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The Romantic hero is a literary archetype referring to a character that rejects established norms and conventions, has been rejected by society, and has the self as the center of his or her own existence.
Narcissism is easily identified in Frankenstein as Victor's character does not really accept responsibility for the wrongs he commits on society at large. First, with the creation of the monster, Victor does not consider that once the monster has life, it may choose to use its life in a destructive fashion. He was just proud of his ability to be the first man to accomplish such a scientific feat. This mirrors the classical character of Narcissus, who was more concerned about his image. Secondly, as Justine goes through her trial, Victor has the power and ability to make an absurb claim that is actually true and confess what he created and that it killed William. But he watches Justine be put to death because he would not humble himself or humiliate himself enough to tell the society the truth. He remains as a caring and compassionate member of the family in their eyes as the story continues. This view of him is not fair, but it is Narcissistic.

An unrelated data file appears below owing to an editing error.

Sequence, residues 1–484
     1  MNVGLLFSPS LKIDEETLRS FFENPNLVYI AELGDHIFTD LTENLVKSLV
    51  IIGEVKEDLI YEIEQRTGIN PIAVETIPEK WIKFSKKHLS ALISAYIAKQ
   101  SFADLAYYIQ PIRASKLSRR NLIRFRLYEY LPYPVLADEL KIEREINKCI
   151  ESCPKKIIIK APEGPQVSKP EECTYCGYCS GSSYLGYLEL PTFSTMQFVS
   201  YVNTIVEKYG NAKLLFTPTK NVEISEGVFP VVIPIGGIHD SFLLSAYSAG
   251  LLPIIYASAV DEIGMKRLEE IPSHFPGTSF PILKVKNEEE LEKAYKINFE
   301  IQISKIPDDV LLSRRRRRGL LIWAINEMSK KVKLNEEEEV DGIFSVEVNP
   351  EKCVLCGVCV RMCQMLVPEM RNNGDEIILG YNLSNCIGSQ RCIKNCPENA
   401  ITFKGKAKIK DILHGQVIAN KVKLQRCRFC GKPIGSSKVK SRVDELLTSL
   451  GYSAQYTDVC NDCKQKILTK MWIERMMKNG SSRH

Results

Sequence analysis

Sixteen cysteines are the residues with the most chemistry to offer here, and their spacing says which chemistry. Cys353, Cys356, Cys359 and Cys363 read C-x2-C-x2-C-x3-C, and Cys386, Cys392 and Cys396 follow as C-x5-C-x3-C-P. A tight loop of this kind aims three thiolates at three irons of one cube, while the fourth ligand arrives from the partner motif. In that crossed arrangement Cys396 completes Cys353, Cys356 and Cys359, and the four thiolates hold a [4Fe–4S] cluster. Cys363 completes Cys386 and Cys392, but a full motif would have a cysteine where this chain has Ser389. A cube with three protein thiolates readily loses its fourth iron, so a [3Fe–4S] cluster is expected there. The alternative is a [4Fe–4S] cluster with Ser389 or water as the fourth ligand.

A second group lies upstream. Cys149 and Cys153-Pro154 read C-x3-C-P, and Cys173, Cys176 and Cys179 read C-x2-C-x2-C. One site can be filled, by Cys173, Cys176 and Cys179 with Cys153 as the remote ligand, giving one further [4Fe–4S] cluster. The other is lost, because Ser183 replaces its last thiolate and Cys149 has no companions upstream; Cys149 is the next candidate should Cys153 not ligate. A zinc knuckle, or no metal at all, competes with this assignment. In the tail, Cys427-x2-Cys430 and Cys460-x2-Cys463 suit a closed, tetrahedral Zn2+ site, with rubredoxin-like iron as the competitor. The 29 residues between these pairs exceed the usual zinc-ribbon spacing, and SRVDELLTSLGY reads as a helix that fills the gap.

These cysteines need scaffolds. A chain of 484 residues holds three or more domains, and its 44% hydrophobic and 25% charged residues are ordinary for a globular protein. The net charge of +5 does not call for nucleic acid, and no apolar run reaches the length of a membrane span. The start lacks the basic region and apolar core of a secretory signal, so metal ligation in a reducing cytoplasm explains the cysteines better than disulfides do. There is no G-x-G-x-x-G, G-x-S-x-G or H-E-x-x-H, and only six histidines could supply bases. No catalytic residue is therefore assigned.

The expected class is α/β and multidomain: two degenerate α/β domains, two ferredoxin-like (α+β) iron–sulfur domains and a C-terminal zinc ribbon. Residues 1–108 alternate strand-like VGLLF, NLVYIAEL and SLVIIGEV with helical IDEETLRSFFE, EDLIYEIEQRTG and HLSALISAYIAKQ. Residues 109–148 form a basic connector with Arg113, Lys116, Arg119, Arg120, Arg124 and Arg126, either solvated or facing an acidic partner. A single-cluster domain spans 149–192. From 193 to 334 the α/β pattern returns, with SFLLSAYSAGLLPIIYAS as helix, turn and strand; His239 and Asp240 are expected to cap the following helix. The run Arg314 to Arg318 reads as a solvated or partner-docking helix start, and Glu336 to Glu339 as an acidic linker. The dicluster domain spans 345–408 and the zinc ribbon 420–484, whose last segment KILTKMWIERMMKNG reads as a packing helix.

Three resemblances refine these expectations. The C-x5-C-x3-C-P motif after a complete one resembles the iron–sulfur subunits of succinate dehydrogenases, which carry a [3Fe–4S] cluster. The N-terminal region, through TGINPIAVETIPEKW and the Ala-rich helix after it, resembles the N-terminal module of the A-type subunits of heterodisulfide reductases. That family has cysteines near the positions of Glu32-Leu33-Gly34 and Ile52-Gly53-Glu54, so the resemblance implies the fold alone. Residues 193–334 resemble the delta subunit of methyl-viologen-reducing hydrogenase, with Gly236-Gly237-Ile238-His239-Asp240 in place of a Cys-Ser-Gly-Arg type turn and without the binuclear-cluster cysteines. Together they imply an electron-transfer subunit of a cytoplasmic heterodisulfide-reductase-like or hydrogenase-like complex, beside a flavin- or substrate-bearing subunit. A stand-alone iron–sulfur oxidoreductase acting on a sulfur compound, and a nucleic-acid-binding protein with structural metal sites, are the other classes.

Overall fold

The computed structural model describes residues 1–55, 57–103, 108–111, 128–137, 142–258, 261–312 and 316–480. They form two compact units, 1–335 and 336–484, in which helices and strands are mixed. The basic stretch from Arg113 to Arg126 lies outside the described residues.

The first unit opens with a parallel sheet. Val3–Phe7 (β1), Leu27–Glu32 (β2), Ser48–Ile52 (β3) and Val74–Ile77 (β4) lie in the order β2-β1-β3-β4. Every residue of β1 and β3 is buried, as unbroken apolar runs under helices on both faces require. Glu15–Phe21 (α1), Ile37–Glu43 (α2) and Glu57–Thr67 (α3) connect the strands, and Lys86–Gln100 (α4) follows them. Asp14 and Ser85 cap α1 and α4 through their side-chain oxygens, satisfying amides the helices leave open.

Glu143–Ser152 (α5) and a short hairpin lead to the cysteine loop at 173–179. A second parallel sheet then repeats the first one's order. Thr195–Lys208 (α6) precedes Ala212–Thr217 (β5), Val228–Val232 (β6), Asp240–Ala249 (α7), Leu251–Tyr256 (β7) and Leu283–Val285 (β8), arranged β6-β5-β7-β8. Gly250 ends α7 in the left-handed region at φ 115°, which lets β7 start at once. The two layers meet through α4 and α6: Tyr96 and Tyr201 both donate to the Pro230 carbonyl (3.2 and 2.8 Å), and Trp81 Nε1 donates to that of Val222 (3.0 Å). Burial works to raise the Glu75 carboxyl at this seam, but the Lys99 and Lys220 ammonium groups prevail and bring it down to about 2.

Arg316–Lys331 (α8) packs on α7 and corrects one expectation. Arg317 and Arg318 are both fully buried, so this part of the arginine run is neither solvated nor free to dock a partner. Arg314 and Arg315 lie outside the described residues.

Egotism is defined by Narcissism.
Misogyny is the hatred of women. This occurs as females are portrayed as incapable. Although the character Elizabeth plays is enduring and ever-giving, she does not ultimately face success. Her efforts are in vain. We also see this as Justine takes the original fall for the monster's sin.
A Romantic hero, particularly a gothic Romantic hero will regularly struggle as a protagonist with these elements of society.
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